Vivo-X50-series-Philippines-NoypiGeeks
in ,

U.S. officials accuse Huawei of having backdoor access to mobile phone networks around the world

Huawei-321901

Competition among technology-manufacturing companies aren’t new. In fact, this is one of the many factors which allows technology to do better. However, the U.S. government is now accusing Huawei for snooping around phones nationwide.

U.S. officials claimed that they have evidence to prove their allegations against the Chinese electronics giant. It’s just that they chose not to reveal it in public but has reportedly shared knowledge with allies in the U.K. and Germany.

U.S. National Security Adviser, Robert O’Brien, presses that they have proof that Huawei has indeed the ability to secretly access personal and sensitive data in the systems. This, in turn, allows Huawei to closely monitor their sales around the world. This statement was published on the Wall Street Journal (WSJ).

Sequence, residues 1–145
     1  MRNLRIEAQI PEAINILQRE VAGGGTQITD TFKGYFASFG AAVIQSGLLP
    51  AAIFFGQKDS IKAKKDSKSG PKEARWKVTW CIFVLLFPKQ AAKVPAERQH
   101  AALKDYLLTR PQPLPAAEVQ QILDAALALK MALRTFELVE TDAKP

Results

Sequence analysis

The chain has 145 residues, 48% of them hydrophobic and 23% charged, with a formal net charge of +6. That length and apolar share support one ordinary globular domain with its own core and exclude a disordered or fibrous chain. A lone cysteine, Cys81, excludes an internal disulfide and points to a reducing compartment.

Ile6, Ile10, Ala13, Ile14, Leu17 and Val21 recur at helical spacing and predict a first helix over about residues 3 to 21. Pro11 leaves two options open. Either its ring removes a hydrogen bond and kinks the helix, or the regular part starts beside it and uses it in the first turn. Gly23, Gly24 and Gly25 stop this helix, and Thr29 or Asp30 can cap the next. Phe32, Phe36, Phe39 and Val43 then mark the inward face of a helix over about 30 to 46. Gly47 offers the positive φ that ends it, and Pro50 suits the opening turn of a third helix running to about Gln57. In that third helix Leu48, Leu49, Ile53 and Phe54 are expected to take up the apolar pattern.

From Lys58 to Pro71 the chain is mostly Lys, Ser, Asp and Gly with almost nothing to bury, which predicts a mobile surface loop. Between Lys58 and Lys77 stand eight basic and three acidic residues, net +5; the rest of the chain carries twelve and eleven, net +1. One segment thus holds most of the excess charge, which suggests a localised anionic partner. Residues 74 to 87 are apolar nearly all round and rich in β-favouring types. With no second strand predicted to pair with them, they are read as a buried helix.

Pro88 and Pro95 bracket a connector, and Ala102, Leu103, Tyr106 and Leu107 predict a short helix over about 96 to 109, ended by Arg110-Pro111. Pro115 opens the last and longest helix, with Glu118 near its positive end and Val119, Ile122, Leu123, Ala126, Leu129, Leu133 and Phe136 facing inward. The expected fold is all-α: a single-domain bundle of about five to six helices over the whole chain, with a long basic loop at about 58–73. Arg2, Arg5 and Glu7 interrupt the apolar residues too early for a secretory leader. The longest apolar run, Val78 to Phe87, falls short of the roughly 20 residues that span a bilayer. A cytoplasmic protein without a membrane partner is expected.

Huawei-Mate-30-Pro-Review-5922

Germany and U.K. officials also pointed out that the U.S. had kept this knowledge highly classified not until last year when they were ready to share it with these allied nations.

In the past, U.S. argued that there was no need for evidence regarding the security threat Huawei imposes to the world. Besides, they were already observing their actions since 2009 amidst early 4G equipment deployment. Last year, Huawei was banned in the US by President Trump.

What was Huawei’s response to these accusations? They denied U.S.’s claims, defending that the company had never and will never do such accusations that would put to danger their own security and data of clients. Furthermore, they also ensure that Huawei’s employees do not have access to the network without consent from the operator.

Take note that the U.S. government is also working towards a reduction of Huawei and ZTE equipment in telecom networks. In fact, last November, the Federal Communications Commission (FCC) has unanimously voted to ban Huawei and ZTE projects in the US altogether.

Via: Arstechnica

Comments

Leave a Reply

Your email address will not be published. Required fields are marked *

Loading…

0